Survey Interviewing Procedure

Most fieldwork, whether done by telephone or personal interviewing, is done by individuals recruited and organized to do fieldwork for a wide variety of research studies. Some research organizations maintain a staff of field workers on national basis; others contract out the fieldwork to organizations specializing in that phase only. Some fieldwork organizations maintain a national organization, while others have lists of independent supervisors who have groups of interviewers in their local areas. This discussion will not deal with the problems of recruiting these interviewers and maintaining the organization. When a project is approaching the fieldwork stage, the organization to be used is alerted. If it is believed that certain types of interviewers are required (e.g. men or women younger than 30) that will be stated but to a significant degree it is necessary to use those field workers who are available.

Personal interview surveys on a national basis may require hundreds of interviewers at dispersed areas around the country, supervisors who oversee their work directly, and field coordinators who control the whole process. A national telephone survey could be organized in a similar manner using the same or similar interviewers with local telephone service. There are services, however, makes it feasible to handle the telephone survey from one central location. This permits the development of a small group of full-time skilled interviewers who can be used on many projects and can be supervised closely. As a result, the data-collection process is done better on telephone surveys and this is the main reason for the growth of telephone interviewing.

For the centralized telephone project a much smaller number of interviewers (e.g. 10–40) are sufficient. If many are new interviewers, they must be given general instructions on interviewing techniques. All interviewers are then assembled for training on the specific features of the project at hand. Sometimes these are brief sessions; but for major projects of particular importance, the training session may take as long as two days. Each interviewer does a practice interview, which is then discussed with a supervisor.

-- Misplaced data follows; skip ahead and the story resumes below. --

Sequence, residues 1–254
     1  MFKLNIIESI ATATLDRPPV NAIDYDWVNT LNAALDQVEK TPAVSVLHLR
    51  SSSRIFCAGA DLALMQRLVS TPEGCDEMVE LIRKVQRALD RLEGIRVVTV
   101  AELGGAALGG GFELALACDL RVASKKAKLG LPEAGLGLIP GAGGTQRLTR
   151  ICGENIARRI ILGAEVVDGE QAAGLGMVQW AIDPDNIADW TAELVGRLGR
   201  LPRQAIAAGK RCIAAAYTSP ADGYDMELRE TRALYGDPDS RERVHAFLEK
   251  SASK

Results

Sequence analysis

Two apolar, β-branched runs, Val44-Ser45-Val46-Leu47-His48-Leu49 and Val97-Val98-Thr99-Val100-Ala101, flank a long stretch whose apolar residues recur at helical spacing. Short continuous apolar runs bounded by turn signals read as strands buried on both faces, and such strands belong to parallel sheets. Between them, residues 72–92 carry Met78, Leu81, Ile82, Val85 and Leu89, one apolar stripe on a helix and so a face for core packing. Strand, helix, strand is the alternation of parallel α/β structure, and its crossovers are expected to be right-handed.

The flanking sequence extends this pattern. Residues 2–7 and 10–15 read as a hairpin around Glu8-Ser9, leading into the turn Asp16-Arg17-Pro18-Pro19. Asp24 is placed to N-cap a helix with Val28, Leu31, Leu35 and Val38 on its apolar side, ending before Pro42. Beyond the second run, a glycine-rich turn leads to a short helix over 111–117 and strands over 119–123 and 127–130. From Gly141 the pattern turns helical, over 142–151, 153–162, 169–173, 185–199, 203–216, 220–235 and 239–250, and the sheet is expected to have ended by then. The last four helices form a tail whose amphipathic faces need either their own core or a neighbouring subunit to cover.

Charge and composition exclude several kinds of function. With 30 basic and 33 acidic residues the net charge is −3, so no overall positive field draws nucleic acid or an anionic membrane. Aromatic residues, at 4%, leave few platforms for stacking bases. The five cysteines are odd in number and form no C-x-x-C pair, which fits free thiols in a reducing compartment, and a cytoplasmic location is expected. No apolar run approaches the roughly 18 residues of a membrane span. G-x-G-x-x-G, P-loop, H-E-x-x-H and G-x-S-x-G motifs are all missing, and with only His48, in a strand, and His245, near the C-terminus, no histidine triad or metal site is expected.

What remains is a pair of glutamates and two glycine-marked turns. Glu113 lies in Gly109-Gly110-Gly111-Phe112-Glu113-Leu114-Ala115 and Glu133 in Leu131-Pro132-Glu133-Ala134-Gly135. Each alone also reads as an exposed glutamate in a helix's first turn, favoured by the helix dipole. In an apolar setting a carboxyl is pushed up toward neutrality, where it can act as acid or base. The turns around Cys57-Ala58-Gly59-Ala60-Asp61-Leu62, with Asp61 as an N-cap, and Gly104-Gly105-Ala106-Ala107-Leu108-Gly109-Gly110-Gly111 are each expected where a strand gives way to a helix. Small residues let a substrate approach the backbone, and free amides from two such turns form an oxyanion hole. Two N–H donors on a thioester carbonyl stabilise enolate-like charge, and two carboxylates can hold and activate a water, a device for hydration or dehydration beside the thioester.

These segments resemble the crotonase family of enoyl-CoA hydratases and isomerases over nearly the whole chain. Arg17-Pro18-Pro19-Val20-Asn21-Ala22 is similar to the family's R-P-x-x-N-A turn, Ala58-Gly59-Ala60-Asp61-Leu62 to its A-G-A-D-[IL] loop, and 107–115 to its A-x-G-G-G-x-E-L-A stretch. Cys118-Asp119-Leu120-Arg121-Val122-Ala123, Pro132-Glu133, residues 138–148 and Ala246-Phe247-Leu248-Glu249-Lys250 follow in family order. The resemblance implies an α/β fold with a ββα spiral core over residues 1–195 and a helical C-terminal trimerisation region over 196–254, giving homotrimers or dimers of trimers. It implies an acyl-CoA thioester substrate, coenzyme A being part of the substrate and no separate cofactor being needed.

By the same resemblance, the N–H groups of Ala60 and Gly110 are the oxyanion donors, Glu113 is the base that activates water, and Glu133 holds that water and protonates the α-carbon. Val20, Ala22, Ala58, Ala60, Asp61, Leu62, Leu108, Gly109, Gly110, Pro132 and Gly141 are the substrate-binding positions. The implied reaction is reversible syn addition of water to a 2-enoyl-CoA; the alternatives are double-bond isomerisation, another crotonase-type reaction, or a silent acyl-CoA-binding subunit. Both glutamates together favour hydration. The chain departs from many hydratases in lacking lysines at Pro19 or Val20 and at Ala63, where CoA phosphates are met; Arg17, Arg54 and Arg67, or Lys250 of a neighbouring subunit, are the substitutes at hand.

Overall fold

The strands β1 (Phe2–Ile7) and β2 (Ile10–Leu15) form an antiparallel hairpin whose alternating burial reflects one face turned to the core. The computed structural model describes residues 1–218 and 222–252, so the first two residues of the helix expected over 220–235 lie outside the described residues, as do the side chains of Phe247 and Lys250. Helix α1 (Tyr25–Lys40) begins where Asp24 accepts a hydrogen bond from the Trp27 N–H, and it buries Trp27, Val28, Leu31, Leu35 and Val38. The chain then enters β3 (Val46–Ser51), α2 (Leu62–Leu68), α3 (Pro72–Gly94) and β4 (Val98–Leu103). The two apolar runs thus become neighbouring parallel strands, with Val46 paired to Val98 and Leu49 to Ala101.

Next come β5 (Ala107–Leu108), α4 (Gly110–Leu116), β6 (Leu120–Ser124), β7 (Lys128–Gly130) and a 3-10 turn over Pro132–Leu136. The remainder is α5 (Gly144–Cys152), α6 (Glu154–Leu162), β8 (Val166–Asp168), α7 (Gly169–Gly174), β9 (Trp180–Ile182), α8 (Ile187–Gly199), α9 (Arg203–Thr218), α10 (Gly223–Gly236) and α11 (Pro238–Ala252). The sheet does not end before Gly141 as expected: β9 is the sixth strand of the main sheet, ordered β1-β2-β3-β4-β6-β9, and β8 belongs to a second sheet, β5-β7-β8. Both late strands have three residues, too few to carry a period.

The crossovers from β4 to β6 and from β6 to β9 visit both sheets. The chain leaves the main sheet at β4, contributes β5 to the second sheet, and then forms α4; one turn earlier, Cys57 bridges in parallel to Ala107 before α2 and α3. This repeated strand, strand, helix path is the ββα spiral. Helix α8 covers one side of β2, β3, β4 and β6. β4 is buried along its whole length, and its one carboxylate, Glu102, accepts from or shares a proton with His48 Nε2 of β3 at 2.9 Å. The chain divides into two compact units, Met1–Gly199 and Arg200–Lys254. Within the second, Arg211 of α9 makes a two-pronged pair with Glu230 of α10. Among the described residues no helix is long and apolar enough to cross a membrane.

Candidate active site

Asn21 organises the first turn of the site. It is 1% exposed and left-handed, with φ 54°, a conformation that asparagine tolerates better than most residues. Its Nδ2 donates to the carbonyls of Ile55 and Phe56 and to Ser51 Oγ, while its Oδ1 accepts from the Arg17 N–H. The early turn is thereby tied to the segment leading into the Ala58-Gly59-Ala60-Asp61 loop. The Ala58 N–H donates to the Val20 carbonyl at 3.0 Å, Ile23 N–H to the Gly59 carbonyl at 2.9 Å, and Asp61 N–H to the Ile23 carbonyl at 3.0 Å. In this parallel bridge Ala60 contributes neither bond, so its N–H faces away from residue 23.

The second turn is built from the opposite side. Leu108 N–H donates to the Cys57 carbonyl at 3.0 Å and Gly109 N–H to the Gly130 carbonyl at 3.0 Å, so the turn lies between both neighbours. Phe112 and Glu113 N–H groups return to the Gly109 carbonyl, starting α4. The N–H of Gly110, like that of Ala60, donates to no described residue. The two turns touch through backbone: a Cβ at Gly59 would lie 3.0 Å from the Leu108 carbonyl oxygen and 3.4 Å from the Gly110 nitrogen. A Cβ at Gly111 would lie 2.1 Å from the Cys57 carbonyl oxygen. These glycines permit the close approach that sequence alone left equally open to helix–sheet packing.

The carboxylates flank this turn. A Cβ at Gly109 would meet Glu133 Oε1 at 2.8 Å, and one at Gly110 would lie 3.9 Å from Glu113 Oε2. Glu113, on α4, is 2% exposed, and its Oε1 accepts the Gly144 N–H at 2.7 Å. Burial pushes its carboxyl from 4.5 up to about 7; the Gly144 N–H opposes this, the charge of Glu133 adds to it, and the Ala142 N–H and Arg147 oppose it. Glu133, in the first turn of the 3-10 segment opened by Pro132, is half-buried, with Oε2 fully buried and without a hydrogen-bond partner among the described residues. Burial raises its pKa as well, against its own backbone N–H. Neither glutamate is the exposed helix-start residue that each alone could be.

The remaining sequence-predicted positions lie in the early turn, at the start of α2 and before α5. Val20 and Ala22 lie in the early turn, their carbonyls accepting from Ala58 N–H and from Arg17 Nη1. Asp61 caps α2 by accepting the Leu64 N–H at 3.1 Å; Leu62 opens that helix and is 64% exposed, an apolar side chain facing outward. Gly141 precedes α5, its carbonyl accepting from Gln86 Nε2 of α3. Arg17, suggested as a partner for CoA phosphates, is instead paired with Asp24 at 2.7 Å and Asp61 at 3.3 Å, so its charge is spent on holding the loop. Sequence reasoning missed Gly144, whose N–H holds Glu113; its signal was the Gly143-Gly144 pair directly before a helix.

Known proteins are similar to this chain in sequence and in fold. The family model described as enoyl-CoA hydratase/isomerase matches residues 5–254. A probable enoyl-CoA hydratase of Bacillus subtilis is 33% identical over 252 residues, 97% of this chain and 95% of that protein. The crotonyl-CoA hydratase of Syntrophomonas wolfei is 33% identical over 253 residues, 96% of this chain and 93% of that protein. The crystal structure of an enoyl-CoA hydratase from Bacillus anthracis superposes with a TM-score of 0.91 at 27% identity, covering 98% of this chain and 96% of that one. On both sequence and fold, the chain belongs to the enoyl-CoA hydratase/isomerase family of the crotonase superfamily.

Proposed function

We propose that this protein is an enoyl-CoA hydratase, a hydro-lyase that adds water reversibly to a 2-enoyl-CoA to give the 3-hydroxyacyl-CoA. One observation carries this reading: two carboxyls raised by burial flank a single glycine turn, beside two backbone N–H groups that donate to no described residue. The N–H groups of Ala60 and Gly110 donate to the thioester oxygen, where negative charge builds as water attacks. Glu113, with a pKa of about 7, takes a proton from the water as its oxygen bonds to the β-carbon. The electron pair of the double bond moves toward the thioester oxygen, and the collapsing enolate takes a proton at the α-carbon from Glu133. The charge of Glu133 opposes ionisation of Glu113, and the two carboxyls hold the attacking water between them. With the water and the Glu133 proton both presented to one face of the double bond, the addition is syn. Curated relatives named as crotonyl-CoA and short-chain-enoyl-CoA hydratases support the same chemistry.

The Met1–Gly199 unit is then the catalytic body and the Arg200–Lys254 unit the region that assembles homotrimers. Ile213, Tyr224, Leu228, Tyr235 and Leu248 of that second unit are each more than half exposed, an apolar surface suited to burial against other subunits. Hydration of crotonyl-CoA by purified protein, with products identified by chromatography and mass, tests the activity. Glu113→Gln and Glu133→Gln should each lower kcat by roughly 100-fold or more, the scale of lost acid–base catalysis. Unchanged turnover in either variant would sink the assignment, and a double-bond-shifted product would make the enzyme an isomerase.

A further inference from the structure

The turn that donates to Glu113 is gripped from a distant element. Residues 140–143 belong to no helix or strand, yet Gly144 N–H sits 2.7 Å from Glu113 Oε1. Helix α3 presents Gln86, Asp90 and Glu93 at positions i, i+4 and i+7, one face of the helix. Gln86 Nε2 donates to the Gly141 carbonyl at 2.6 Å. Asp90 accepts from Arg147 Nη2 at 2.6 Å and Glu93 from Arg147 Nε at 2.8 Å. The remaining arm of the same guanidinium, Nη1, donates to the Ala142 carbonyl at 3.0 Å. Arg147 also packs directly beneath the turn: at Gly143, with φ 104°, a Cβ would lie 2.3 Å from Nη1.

For personal interview projects such centralized training is not practical. The usual procedure is to send written instructions and questionnaires to the local supervisors, who are expected to conduct the training. This means that there is considerable variation in the amount and quality of training the various interviewers receive.

To ensure that fieldwork is started and proceeds on schedule researchers establish starting and completion dates and quotas for completion by certain intervals. When materials are mailed to the fieldwork supervisors, a list of all materials is included along with a postcard to be returned, acknowledging receipt. Interviewers turn in their completed questionnaires daily to local supervisors. These are tabulated to provide a running total of completed interviews by interviewer and for the project. If the project falls behind schedule, the director can identify those who must be speeded up. Additional interviewers may be added if necessary.

As completed questionnaires begin to come in, they are edited to be sure the interviewers are proceeding properly. Any mistakes can be corrected before further interviews are made. Since most projects are on a tight schedule in the field, it is important that problems be identified as early as possible and proper action taken. In personal interviews these tabulations and checks are done by the local supervisors, with the resulting delays and variables.

Minimizing fieldwork errors:

There are many points at which errors can creep into marketing research studies during the field work phase as described above. There are general administrative and control procedures also which can improve the overall quality of fieldwork while holding costs at acceptable levels. Most research organizations pay particular attention to five factors:

  1. Selection and training of field workers – interviewers or observers
  2. Administrative procedures for handling projects in the field.
  3. Supervision of field workers and the data collection process
  4. Quality and cost control procedures
  5. Validation of fieldwork

Training and supervision of field workers has been emphasized above.

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